It’s shortly after 5 am PT. In the other room, my daughters, already awake, are writing a letter to Hillary Clinton, thanking her for inspiring them and millions of others. I am in the dining room, staring at apoplectic headlines from publications that I trust, knowing that millions of Americans in other cities don’t read or believe the same words.
I live in a city that’s booming economically, and nearly everyone in my peer group — both in my city and in my industry — supported Hillary Clinton. We fretted about the disastrous consequences of a Trump victory, but perhaps I still did not take it seriously, with polls putting the odds of victory at 70%. I shared Facebook posts and tweets and expected that everything would work out okay. The polls favored Hillary, and so did common sense.
I gave a brief talk about Slack at our company meetup this year, but I thought it would be helpful to expand on this problem and share it publicly.
Slack (their open letter strategy notwithstanding) is one of the truly great work tools we’ve embraced inside Automattic. We’re a distributed company, which means there is no office and everyone works “remote” (we hate that word) from spots all around the world — 500+ employees across more than 50 countries.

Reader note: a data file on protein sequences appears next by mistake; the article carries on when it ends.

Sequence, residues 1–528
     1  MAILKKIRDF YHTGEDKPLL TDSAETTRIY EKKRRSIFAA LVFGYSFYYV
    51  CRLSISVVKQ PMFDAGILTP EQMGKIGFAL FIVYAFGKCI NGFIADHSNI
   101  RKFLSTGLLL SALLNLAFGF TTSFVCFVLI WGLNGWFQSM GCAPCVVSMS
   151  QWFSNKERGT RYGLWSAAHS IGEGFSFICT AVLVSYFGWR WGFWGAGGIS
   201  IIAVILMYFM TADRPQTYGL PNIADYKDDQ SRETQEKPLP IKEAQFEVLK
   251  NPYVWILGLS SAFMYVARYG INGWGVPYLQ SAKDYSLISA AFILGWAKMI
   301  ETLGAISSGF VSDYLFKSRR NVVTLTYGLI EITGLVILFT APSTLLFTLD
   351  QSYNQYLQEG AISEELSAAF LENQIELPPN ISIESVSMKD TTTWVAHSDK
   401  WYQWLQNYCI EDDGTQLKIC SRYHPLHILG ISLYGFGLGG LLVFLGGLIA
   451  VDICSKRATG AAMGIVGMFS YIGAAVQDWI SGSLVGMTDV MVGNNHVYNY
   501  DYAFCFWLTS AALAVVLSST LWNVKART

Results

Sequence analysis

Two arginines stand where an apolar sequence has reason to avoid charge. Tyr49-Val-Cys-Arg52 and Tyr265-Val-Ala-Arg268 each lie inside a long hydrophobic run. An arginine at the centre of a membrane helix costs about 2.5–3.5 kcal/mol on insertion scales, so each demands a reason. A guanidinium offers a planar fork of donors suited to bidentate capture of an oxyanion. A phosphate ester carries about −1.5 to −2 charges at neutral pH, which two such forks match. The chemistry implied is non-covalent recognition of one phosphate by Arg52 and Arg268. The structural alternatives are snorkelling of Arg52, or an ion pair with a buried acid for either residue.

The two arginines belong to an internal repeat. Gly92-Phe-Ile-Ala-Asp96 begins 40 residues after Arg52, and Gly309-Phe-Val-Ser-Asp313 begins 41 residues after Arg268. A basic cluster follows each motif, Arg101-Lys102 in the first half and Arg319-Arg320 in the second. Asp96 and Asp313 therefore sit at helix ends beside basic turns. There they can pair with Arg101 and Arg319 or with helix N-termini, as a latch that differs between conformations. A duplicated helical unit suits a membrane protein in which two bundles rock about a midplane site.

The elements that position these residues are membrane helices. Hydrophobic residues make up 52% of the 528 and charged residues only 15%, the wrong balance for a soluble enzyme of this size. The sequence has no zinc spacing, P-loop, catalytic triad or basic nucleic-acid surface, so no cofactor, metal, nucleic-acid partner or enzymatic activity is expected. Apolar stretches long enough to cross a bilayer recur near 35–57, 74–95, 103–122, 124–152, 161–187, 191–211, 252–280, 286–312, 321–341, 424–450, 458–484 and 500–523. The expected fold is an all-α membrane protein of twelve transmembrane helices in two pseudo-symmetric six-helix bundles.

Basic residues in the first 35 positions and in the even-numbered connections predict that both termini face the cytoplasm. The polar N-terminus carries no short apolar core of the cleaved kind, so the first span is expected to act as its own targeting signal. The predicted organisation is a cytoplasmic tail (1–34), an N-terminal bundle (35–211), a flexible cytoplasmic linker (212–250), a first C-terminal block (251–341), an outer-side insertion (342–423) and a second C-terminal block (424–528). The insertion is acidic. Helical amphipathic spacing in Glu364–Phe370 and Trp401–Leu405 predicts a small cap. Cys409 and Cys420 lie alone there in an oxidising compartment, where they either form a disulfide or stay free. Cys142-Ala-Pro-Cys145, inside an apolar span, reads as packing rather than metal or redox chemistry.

Having real-time chat adds an important level of intimacy and energy to our daily work, and it makes it easier than ever for our teams to quickly discuss projects and ideas. Slack also adds some very smart layers of fun (GIFs, emoji, thoughtful messaging and copy) to differentiate itself from the cold, sterile world of work productivity.
But. Slack has its limits.
Despite what its marketing campaign suggests, Slack is not a replacement for email. Its usefulness hinges on employees knowing the difference between what’s appropriate for real-time chat, and what needs to be communicated in a more timeless forum. Slack can’t do everything, and teams should discuss best practices for using it. Continue reading ‘Slack Creep’ Is Real. Here’s How Your Company Can Avoid It